by Ramya Chamalie Jirasinghe
I hear the maid tell my daughter,
three years old and just able to make out
red from pink and even blue from purple,
as they sit on the verandah
avoiding the glare of our tropical sun,
that she is fair.
If it had been someone else, I would have
stomped up, red in the face, and given my spiel:
“When the one real line is drawn,
even the fairest here is black!”
But this is a woman from a highland village.
She will look at the child’s dark mother and laugh
with her knowledge that coursed two centuries
down hills and dunes into her blood.
She will tell me that nothing gives one
a better advantage in life
than a bit of creamy skin.
Poetry can be very powerful way to teach English, but for a students it can be menacing. Last week I shared this poem, written by the Deputy Director of the Fulbright Program in Sri Lanka, with some of my more advanced students. It led to an engaging and thoughtful discussion about skin color and society.
My lesson plan for teaching poetry to ESL students went something like this:
During class we read two poems, and discussed the meaning of the poem. After that the students had to write a response poem. For homework I asked each student to write a poem, based upon Ramya’s. The results were fantastic.
There is no correct way to write a poem; after years of learning in a rigid test based environment that can be frustrating for my students. After working with them for two months though, my students have gotten used to my challenging questions, and they come up with some really great answers to open ended questions. This exercise was so different from traditional Sri Lankan school exercises, because it focused on student creativity.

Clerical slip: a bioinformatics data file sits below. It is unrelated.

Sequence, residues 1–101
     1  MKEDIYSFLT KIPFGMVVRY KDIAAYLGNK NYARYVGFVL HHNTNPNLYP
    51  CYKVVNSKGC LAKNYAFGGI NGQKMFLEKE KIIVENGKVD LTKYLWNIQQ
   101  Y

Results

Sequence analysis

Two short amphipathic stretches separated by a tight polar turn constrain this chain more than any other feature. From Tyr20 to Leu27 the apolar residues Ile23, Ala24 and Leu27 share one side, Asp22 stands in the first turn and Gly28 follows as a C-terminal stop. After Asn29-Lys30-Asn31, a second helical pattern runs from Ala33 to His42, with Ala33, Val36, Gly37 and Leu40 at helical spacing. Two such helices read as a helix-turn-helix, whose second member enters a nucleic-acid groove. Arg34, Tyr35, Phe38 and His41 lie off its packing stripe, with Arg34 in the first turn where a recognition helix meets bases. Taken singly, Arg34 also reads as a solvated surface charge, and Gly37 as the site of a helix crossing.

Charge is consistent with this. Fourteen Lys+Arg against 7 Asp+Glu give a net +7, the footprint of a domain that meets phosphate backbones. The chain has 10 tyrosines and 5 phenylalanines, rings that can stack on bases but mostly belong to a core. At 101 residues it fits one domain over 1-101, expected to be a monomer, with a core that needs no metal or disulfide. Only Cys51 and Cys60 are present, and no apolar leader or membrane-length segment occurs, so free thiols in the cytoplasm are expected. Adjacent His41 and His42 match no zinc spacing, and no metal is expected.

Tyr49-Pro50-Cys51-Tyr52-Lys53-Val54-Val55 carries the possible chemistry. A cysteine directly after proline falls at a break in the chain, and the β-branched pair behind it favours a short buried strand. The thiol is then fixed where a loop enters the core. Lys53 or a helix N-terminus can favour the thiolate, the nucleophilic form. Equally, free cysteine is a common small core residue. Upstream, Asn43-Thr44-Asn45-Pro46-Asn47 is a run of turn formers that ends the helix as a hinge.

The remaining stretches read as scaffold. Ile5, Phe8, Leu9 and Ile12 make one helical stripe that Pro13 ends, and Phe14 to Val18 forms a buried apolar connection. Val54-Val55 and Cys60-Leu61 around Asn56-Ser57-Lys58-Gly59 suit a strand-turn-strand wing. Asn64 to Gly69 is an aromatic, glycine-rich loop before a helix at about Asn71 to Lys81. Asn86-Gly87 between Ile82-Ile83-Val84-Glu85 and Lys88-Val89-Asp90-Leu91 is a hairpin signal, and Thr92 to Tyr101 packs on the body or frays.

I want to share with you two of the poems that my students wrote:
Some peoples are white,
Some peoples are black.
Doesn’t think about these skin colours
When you close your eyes
All things are same.
Black and White
A man came to my fruit shop
He took and mango and smell it
Perfectly checked my fruits.
I cut a small piece of a mango
Gave it to him.
His face became bright.
Not by his white skin, but
The fine taste of my mango
Grown in a black sand.
He took 5 mangoes.
He put 150 rupees on the bench,
Not in my hand.
Few ones only knew.
Only in dark milk moon is beautiful.
I was thrilled reading these expressive poems. For some time I’ve debated teaching this poem. I wasn’t sure how my students would respond, and if it would be culturally insensitive to teach it. After some time of worrying, I decided it was time to bite the bullet and see how it goes. I couldn’t have been happier. My students voiced strong opinions on how skin color affects their lives, and they wrote some really beautiful poetry.
Poetry can make for a great ESL lesson plan and help foster creativity. I think the key is to make it relevant to the students, I was fortunate to find a really touching poem written by a Sri Lankan.